4 Alpha Centauri: 4.01x10 13 (1pt) 7.4x10 8 days (1pt) Now suppose you could travel at the speed of light (3x10 8 meters/sec). How long would it take to get to: Distance (km) Time The sun: 1.49x10 8 (1pt) 8.30 minutes (1pt) Pluto (closest to Earth): 4.18x10 9 (1pt) 3.87 hours (1pt) Alpha Centauri: 4.01x10 13 (1pt) 4.24 years (1pt) 6. Angles (12pts) Often in astronomy we measure the size of things in the sky, or the motion of things across the sky, in terms of angles. In one circle there are 360 degrees. In one-half of a circle there are 180 degrees, etc Make estimation of the following angles. Then use a protractor to measure them. a rough ~45 degrees (1pt) ~135 degrees (1pt) ~5 degrees (1pt) Degrees are further subdivided into minutes of arc or arcminutes. There are 60 arcminutes in one degree. Acrminutes are further subdivided into seconds of arc or arcseconds. As you might imagine, there are 60 arcseconds in one arcminute. Convert the following. 120 arcminutes = 2 degrees (1pt) 900 arcseconds = 1.5x10 1 arcmin (1pt) 12 arcminutes = 2x10-1 degrees (1pt) 6 arcseconds = 1.6x10-3 degrees (1pt) 12 degrees = 7.2x10 2 arcminutes (1pt) 55 arcmin = 3.3x10 3 arcsec (1pt) 360 degrees = 2.16x10 4 arcmin (1pt) 360 degrees = 1.3x10 6 arcsec (1pt) degrees = 2.06x10 5 arcsec (1pt) This last one is special. This number will show up a lot

5 this semester. And here s where it comes from. There is also a special unit of angular measure called a radian. 1 radian = 57.3 degrees. We won t use it explicitly this semester, but we ll be using it implicitly, so we thought you might like to know. 1 rad = 57.3 deg 7. Measurements and Graphing (11pts) Measure the height and shoe length (we really mean foot length, but we don t want everyone taking off their shoes in lab...) and the length of fingernails of your lab mates, then record data for everyone else in your lab. (2pts) Height Shoe Length Nail Length Height Shoe Length Nail Length (cm) (cm) (mm) (cm) (cm) (mm) Do you expect to see a correlation between height and shoe length? Between shoe length and nail length? Why or why not?(3pts) *As long as all three questions are answered, thoughtfully, points can be given at your discretion.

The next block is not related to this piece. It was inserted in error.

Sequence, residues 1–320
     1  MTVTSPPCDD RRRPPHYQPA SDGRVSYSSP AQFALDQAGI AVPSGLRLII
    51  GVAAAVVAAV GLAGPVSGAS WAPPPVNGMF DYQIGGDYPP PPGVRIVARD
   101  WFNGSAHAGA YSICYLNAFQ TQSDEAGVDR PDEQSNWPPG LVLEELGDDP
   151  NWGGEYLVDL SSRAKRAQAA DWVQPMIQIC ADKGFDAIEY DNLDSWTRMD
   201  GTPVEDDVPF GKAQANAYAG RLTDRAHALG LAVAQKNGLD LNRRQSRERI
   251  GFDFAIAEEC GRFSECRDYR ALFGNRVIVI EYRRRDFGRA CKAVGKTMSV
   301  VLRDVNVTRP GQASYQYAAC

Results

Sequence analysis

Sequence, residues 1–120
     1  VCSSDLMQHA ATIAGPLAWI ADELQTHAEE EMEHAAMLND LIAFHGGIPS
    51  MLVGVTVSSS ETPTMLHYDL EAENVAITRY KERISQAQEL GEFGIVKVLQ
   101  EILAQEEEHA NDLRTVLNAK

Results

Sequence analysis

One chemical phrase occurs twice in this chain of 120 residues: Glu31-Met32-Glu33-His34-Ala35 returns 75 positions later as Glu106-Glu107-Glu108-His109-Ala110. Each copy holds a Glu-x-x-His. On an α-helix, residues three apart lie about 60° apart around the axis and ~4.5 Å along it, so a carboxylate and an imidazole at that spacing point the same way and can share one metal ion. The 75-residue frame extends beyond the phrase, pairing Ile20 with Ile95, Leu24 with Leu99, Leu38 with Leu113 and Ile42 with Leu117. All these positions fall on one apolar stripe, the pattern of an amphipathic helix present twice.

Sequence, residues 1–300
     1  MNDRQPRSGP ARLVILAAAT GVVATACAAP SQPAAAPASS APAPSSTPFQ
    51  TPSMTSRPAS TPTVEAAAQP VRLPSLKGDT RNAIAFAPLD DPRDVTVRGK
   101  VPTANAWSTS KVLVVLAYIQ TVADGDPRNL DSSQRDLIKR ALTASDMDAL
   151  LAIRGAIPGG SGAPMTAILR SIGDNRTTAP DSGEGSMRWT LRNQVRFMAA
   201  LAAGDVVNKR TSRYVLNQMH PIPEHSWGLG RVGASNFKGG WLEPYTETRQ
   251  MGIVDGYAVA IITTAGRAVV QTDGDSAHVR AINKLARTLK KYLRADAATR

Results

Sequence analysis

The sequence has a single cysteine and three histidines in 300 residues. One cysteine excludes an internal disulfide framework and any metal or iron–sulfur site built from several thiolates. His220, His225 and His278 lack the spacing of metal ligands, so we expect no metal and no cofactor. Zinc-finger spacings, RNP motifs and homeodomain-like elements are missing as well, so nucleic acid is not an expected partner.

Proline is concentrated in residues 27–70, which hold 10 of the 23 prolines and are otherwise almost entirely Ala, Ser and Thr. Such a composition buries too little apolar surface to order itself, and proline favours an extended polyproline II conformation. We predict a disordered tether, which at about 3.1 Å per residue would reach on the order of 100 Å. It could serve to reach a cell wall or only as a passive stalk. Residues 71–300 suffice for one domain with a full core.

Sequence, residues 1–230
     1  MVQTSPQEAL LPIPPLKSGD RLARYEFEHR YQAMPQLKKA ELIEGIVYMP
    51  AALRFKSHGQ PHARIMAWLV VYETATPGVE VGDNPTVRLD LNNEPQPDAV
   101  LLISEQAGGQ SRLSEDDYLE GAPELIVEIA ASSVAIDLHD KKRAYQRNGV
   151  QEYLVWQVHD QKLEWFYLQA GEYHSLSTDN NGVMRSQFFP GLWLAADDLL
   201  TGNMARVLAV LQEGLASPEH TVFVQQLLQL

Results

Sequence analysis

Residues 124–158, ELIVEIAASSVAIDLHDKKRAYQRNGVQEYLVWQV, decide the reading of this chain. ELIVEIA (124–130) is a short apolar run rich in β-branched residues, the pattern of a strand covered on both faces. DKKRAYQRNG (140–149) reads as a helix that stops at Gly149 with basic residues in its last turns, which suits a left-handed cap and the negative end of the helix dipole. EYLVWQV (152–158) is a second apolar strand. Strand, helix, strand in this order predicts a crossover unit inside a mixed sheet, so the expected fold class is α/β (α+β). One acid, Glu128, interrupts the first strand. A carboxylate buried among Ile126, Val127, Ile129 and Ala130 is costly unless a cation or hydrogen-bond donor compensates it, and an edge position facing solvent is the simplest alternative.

6 Now plot these data on the graphs provided. You ll need to add the axis numbers. (4pts) Nail length (mm) Shoe length (cm) Height (cm) Height (cm) Which variables show correlations? (1pt) The shoe length and height variables show correlations, the height and nail length do not. What is the explanation for this correlation?(1pt) As a person is taller they need more area to stand on to balance (therefore taller people need longer feet), whereas nail length can be grown and cut to lengths determined by a person s personal preference.